Baha’i Convention Anticipates with Joy the Bicentennary of Baha’u’llah’s Birth

Baha’i Convention Anticipates with Joy the Bicentennary of Baha’u’llah’s Birth

TORONTO, 5 MAY 2017, (CBNS)

During the weekend of April 27-30, Baha’i delegates representing every province and territory of Canada participated in the Baha’i National Convention in Toronto.  The 171 delegates elected the national governing council of the Baha’is of Canada, the National Spiritual Assembly. They also deliberated on plans and actions of the Baha’i community. 

 

As the Baha’i Faith does not have clergy, governing councils, called Spiritual Assemblies, are elected at both the local and national level annually during a twelve-day holy period, the Festival of Ridvan, at the end of April.  Every five years, the international governing council of the Baha’i world community of some six million adherents is elected.  Named the Universal House of Justice, this supreme institution of the Baha’i Faith is also elected in a democratic, confidential vote involving more than 1,500 National Spiritual Assembly members from more than 170 national Baha’i communities around the world.

 

This year is a special year as the six million-member Baha’i community looks forward to October when they will be celebrating the 200th anniversary of the birth of Baha’u’llah whose remarkable life and whose teachings revealed by God to Him led to the emergence of the Baha’i religion in the middle years of the 19th century. 

 

Deliberations of the four-day Baha’i National Convention are meant to enrich the perspective of the National Spiritual Assembly.  Delegates share insights from conversations at the grass roots, and from a special message received each year from the Universal House of Justice.  The current plight of humanity, described in that message and in an earlier message, March 1, 2017, regarding the challenge faced by the world in pursuing much greater economic justice, was the focus of much of the convention’s discussion, along with a consideration of the significance of plans underway for the country-wide observance of that bicentenary of the birth of Baha’u’llah, the weekend of October 21-22.  Baha’is throughout Canada will be inviting relatives, friends, neighbours, co-workers, fellow students and other acquaintances to events and gatherings to celebrate that historic Holy Day.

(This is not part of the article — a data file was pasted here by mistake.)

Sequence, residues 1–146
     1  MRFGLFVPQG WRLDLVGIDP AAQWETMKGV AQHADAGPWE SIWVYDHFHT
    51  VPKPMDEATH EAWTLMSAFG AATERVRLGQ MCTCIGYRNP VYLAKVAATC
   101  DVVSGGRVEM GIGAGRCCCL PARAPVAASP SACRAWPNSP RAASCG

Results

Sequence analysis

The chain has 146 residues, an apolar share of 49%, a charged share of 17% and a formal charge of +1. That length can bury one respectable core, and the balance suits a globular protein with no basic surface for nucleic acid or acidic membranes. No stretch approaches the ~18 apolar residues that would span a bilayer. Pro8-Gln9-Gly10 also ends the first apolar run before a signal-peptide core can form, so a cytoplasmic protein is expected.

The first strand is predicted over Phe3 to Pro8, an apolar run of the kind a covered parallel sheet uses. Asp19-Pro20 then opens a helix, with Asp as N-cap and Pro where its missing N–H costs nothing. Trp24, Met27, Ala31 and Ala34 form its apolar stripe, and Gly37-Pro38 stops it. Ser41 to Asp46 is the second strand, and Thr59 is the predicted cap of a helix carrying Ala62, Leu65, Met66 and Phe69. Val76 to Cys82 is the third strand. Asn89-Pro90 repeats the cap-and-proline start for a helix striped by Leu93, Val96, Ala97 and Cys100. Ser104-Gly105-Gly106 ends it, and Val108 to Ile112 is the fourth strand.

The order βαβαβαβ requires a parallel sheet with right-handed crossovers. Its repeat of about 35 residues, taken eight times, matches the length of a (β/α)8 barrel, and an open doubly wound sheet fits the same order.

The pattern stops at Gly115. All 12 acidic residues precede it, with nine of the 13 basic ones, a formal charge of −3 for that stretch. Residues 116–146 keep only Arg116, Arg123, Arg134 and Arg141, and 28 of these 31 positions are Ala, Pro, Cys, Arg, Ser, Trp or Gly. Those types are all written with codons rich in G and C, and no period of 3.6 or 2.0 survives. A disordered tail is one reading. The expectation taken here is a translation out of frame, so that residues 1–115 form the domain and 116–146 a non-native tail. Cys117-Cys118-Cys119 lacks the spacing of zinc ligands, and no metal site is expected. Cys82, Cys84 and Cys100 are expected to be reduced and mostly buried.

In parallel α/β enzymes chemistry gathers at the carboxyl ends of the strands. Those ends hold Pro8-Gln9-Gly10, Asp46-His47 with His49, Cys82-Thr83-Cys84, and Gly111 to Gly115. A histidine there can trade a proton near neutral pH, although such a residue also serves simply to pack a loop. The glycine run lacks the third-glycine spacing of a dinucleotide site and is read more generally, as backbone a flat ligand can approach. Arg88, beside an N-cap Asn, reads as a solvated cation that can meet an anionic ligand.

Delegates also had cause, in this Sesquicentennial year of the nation of Canada, to reflect on what Canadian Baha’is take to be a sacred and prophetic view of Canada that was written by one of the Central Figures of the Baha’i Faith, ‘Abdu’l-Baha.  After travelling to Montreal in 1912, and then returning to the Holy Land, in 1917 He wrote that “the future of Canada, whether from a material or spiritual standpoint, is very great.  Day by day civilization and freedom shall increase.” 

 

Discussion among delegates considered Canada’s future, how it remains dependent on further efforts at reconciliation between the Indigenous peoples of Canada, French-speaking, English-speaking and more recent arrivals to Canada, along with the essential work of giving continued emphasis to the education of children and youth.  Consultation at the Convention was greatly assisted by the presence and the wise advice of two members of the Continental Board of Counsellors, Ms. Shabnam Tashakor of Toronto and Dr. Borna Noureddin of Vancouver.

 

Those elected to the National Spiritual Assembly for the coming year were Ms. Karen McKye, Ms. Deloria Bighorn, Dr. Mehran Anvari, Mme Elizabeth Wright, Mr. Ciprian Jauca, Ms. Hoda Farahmandpour, Ms. Judy Filson, Dr. Gerald Filson and Mr. Enayat Rawhani.   Ms. Karen McKye will serve over the coming year as the Secretary, or chief executive officer of the National Assembly.  Ms. Deloria Bighorn will serve as Chair, and Dr. Mehran Anvari is the Treasurer.

 

The Baha’i election gives to each elector unfettered freedom to vote confidentially for those entirely of his or her own choosing among all the adults of the national community. It is a democratic process that is sacred and dignified, free from the personal ambition and partisanship by which the intrigue of nomination and propaganda of campaigning infect and distort the democratic process. The result is at once joyous and profound in its implications. It generates and sustains a healthy and mature relationship between individuals and the institutions that guide the community and tend to its administrative arrangements.

 

The prayerful and reflective atmosphere at the convention created a spirit of dignity, which Baha’is view as an essential element of elections, an aspect of the reciprocity and respect that should infuse the relationship between individuals, institutions and the community.